Hopefully La Niña brings more knee-deep nirvana. Skier: Tom Barr. Location: “Inbetweens” at Steamboat Ski Area.
Wednesday, November 23, 2011
Steamboat Springs If you liked what you saw — and skied — last winter (i.e. a 433-inch ski season), wax your boards for more of the white stuff this year.
Forecasters are predicting a return, albeit milder, of La Niña, a weather phenomenon involving the periodic cooling of the tropical Pacific Ocean, which usually bodes well for Steamboat.
“Experts are predicting a return of La Niña again,” says Steamboat Ski & Resort Corp. President and Chief Operating Officer Chris Diamond. “And that means another great ski season.”
Last year, Steamboat received 433 inches of snow during the regular season, including a 90-inch record November en route to a year that saw Buff Pass set a water content record for the entire state (in May, one snow stake read 772 percent of average, storing a whopping 72.6 inches of water). According to Jon Gottschalck, of the federal Climate Prediction Center, the break-out-your-snorkel pattern is expected to continue this year.
But don’t just take his word for it. Those heeding local superstitions also portend another three-wire winter. “There are all sorts of wives’ tales about snow predictions,” Ski Corp. spokesman Mike Lane says. “And it seems like most of those signs are pointing to a good year.”
Still a skeptic? The following indicators show we’re due for some shoveling:
Sure, there were more of these little buggers out than usual this year. But more important than their sighting is the number of black hairs at each end — the more the merrier for powder buffs. More orange means a milder winter. Some believe that each of the caterpillar’s 13 segments represents one week of winter. Orange segments predict mild weeks, and black ones predict snowy weeks. Also pay attention to the direction it’s traveling: If it’s heading north, it’ll be mild; south, break out the shovel. “All I know is that usually I don’t see too many of them, and this year I saw them all over the place,” Lane says.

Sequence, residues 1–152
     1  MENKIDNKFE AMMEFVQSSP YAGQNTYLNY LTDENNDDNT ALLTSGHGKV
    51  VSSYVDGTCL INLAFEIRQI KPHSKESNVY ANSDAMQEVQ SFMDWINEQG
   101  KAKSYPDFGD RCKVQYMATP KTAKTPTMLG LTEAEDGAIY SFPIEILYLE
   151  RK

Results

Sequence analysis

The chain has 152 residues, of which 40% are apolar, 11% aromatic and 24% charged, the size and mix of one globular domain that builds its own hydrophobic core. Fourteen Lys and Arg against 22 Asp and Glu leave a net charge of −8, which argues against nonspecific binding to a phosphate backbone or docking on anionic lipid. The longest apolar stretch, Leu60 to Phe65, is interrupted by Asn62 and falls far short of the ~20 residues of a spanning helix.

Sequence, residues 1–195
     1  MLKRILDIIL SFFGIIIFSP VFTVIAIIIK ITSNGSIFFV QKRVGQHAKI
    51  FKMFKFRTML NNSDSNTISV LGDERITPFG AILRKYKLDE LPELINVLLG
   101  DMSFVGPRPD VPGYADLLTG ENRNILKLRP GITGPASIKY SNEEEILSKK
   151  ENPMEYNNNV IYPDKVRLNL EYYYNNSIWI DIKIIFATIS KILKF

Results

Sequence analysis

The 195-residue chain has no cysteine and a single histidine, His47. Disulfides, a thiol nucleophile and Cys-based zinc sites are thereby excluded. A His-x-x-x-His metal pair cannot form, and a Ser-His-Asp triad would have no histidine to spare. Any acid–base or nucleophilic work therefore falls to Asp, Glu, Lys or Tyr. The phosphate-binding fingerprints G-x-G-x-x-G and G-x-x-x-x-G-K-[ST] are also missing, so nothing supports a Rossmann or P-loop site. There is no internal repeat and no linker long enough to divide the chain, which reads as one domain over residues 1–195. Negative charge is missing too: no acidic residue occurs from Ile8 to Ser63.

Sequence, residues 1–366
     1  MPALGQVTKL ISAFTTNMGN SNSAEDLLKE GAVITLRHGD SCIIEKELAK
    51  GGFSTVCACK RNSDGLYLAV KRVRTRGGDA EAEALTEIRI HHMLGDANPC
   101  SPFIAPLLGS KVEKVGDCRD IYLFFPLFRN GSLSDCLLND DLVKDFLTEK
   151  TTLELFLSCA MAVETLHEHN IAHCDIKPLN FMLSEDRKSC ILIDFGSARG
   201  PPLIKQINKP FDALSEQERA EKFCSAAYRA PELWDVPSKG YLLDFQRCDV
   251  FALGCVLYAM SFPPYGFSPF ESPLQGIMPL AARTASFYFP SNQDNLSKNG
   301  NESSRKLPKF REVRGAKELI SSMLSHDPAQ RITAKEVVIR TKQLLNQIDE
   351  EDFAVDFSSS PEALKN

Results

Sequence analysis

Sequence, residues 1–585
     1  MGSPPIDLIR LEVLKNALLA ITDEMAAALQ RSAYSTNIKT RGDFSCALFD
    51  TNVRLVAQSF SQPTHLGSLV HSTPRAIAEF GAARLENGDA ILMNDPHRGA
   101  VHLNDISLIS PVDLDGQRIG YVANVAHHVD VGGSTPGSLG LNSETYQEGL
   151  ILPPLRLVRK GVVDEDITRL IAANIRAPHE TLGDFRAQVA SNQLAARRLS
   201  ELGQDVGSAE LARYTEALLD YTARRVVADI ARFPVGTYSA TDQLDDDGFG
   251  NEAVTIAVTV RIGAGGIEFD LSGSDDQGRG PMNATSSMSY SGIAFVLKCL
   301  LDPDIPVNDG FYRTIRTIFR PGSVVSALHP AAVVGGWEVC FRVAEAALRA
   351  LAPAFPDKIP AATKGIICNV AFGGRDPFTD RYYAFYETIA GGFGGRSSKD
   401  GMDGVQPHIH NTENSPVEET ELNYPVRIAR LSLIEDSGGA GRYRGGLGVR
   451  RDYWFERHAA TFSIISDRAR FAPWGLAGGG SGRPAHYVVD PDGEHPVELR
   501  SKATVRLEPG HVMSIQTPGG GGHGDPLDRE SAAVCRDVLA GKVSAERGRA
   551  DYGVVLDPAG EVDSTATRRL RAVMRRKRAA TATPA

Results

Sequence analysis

Skunk cabbage height
According to Native Americans, the height of skunk cabbage leaves predicts the season’s snowfall. And while not Jack-and-the-Beanstalk high, this year’s crop in Routt County seemed to trend skyward. “It got pretty big this fall along Steamboat Boulevard,” Lane says. “I noticed it every day driving home.” Skunk cabbage is far more than a snowfall soothsayer. Native Americans ground its roots to treat wounds and draw out splinters; used its root hairs to soothe toothaches, colds and headaches; and mixed its powder with vegetable pigments to be used as prevention tattoos. It’s also well-adapted to Steamboat’s winters. It can live for 100 years and has winter shoots that morph into reddish-brown, slippery sheaths called spathes, which protect the blooms and whisk unsuspecting insects down to the pollen-filled bottom. It also has its own heating system, trapping heat generated by the flower spike and using it to melt the snow around it (its inside is as much as 36 degrees warmer than the outside air). The heat also attracts insects, which come for the warmth and pollinate in the process. As for its skunk-like smell? It protects the plant from grazing animals and fools such insects as carrion beetles into thinking they’ve found a carcass while they’re in fact distributing pollen.
Birds and the bees
Steamboat sages also look skyward. Rumor has it that an early blackbird migration signifies a strong winter (locals report seeing them heading south in September). The height of beehives also can predict snowfall. The lower the hive the less snow, and the higher the hive the more snow. “This year, they’re about saddle-horn high,” says Marsha Daughenbaugh, of the Community Agriculture Alliance. “That means the snowfall should be about medium, which is still pretty good.”
More wives’ tales
Even beavers have insight into Old Man Winter. Old-timers maintain that the height of a beaver dam indicates how cold the winter will be (they seem about average this year). The same holds true for cobwebs. Bigger than normal or more in your house means a bigger-than-normal winter. And don’t ignore the old persimmon seed. Cut a persimmon fruit in half: A knife-shaped seed spells cold, spoon-shaped means heavy snow and fork-shaped means mild. Other indicators of a big winter include pigs gathering sticks, insects marching in a straight line and more mice than usual inside your home.